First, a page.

Software development and reliability: a matter of reputation
Software solutions and systems have to meet the highest quality standards in order to be trusted, implemented and sustainable.
Today is the golden age of software development.
There are countless devices and services that partially or fully rely on software or software suites in order to function. Whether in cars, cameras, gas pumps, payment terminals, heating and ventilation systems, pay systems, smart bracelets, pacemakers or telephones, software systems are everywhere, with some touching every aspect of our lives. It’s simple: we can no longer live without them.
The omnipresence of software and the extent to which we rely on certain devices in our day-to-day lives (consider whether people can actually live without their smart phones) raise a number of issues, and not only from a public health standpoint. Not a month goes by without news of another software failure, some with tragic consequences.
Below are some examples:
- June 2019: Positive Technologies, a specialist in enterprise technology, publishes a new report on the security of mobile applications. Whether you use iOS or Android, the findings are shocking: three out of four applications show major vulnerabilities that can affect your personal information.
- May 2019: Baltimore is paralyzed by a computer virus partly created by the NSA. One of the virus’ components was developed by the United States Secret Service so that they could exploit a vulnerability in Microsoft Windows software.
- March 2019: In its preliminary report on the Ethiopian Airlines crash that killed 157 people on March 10, investigation authorities confirm that human error was not at fault. The report highlights problems with the aircraft’s anti-stall software.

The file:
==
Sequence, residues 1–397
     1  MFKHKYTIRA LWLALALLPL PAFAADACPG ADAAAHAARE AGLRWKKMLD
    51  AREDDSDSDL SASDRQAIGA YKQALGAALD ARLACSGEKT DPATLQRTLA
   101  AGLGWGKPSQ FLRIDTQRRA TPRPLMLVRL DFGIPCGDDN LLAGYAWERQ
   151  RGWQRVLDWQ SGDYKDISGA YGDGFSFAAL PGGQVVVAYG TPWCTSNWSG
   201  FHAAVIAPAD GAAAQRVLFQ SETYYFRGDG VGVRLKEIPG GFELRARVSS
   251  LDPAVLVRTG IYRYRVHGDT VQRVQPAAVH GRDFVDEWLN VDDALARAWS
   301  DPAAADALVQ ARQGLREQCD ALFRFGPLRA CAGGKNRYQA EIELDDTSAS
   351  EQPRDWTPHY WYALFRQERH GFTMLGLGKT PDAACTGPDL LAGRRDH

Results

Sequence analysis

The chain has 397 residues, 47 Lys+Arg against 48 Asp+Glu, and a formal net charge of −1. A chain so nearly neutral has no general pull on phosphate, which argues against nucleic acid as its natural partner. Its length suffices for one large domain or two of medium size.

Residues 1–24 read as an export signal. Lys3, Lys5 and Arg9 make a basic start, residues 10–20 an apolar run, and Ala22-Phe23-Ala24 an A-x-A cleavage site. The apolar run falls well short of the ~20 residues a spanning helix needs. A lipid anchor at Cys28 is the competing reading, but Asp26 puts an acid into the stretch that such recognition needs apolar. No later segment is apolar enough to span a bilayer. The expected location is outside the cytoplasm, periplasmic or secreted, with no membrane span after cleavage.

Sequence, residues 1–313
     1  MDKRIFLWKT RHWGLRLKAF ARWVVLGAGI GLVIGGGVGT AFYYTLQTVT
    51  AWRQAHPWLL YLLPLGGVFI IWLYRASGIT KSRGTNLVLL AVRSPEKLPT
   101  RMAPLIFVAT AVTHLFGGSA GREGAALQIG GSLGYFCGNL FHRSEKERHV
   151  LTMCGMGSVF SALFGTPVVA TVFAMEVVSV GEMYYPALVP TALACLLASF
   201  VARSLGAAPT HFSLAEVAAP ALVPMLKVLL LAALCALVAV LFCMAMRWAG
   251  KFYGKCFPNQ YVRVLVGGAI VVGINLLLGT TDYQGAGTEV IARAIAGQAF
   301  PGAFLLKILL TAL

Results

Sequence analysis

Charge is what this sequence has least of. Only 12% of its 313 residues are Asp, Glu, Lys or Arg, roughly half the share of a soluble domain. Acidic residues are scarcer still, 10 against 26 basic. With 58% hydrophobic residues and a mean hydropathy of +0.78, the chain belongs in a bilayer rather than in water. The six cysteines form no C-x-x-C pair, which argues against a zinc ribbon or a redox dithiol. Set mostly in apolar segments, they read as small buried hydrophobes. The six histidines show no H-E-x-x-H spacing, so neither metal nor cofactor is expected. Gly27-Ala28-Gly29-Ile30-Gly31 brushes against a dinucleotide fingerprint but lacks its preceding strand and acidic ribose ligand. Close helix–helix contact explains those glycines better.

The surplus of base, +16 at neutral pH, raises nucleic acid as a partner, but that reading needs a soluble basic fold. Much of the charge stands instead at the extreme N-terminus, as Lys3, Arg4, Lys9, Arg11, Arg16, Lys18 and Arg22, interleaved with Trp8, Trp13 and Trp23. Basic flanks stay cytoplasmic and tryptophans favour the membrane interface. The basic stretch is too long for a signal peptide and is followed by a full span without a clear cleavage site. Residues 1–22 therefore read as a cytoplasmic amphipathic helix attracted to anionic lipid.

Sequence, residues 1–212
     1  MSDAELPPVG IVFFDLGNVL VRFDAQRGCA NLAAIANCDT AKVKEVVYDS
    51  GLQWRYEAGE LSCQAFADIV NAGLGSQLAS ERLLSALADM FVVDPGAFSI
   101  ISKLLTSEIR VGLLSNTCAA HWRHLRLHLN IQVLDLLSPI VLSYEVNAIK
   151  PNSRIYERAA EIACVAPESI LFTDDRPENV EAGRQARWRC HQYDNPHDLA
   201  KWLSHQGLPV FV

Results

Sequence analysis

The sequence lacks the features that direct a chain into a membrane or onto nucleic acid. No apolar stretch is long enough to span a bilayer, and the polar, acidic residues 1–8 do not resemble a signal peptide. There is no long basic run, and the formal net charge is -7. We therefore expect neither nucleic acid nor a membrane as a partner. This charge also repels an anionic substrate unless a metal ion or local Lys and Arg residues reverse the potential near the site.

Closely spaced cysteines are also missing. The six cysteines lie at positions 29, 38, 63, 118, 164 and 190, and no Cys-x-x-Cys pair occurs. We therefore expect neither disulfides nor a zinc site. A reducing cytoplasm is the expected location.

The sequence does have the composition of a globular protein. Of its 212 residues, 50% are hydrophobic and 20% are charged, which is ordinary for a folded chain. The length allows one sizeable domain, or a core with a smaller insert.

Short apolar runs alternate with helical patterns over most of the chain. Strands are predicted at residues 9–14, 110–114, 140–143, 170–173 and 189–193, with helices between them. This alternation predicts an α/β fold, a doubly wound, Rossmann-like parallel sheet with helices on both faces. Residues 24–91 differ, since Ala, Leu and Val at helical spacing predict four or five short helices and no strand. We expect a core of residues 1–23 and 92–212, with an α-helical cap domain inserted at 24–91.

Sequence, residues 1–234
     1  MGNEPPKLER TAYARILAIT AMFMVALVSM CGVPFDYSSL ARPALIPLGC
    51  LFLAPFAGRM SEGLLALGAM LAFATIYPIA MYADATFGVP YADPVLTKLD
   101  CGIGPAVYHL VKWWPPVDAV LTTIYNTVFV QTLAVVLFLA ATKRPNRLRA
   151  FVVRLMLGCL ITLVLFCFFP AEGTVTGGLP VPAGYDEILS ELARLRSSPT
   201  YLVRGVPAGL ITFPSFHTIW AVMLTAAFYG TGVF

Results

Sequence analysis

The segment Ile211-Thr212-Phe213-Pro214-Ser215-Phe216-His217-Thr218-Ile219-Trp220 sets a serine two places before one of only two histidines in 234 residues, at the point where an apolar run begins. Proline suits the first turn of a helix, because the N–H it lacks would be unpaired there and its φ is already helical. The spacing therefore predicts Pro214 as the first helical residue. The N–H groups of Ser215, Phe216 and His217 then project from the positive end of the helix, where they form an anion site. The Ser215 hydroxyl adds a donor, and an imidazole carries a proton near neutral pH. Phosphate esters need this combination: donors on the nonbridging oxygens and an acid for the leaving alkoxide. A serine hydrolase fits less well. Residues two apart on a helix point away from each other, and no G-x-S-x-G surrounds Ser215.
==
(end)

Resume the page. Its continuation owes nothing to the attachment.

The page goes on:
- January 2019: A newspaper story follows up on the Phoenix pay system, introduced nearly three years earlier to provide centralized payroll processing for more than 40 federal entities, which has plunged thousands of public servants into financial uncertainty. Some public servants received no salary for weeks, or even months. Others were overpaid. Many employees weren’t paid for overtime or received erroneous records of employment or tax statements.
- January 2019: A setback for U.S. company Lime and its electric scooters is reported. In Switzerland, the company has had to pull its entire fleet of scooters from the streets because of sudden braking, most likely caused by a software glitch.
- January 2019: A study by MIT Media Lab reveals that Rekognition, a facial recognition software developed by Amazon, has been making major errors. The software was confusing darker-skinned women with men.
- October 2018: Dominion Voting Systems, the company contracted by 51 Ontario municipalities to manage online voting, admits that all of them were affected by crashes and significant slowdowns. The incident sparks a heated discussion on whether giving multinationals exclusive rights to manage our voting data is transparent and safe.
Examples abound, but one thing is certain: the growing number of software failures is undermining the public’s confidence in the devices they use every day. Not long ago, the average consumer would not have to be a mechanic to know how their car worked: you turn the key, put the car into gear, and put your foot on the gas. But that’s no longer the case – for better or, all too often, for worse.
With the growing complexity and interconnectedness of products and services that rely on software to operate, consumers (who are interested not in the software but rather in the products and services that they help create) are entitled to ask whether software systems can be trusted for developing safe and reliable devices, systems and applications.
In response, developers have to act very quickly to improve the reputation of their products and services, and hence the quality of their software.
As a provider of software development services, Cofomo is well aware of this challenge. Since 1995, Cofomo has been a trusted supplier and partner among Canadian and Quebec firms in the private, public and semi-public sectors, and has built its credibility on exceptional software development and quality control processes, the expertise of its consultants and its reliable solutions. Regardless of how your projects evolve, when delivered, the software will:
- meet your needs;
- function as expected;
- offer a value-added experience to users;
- be stable and safe; and
- stay that way.
It’s a matter of reputation.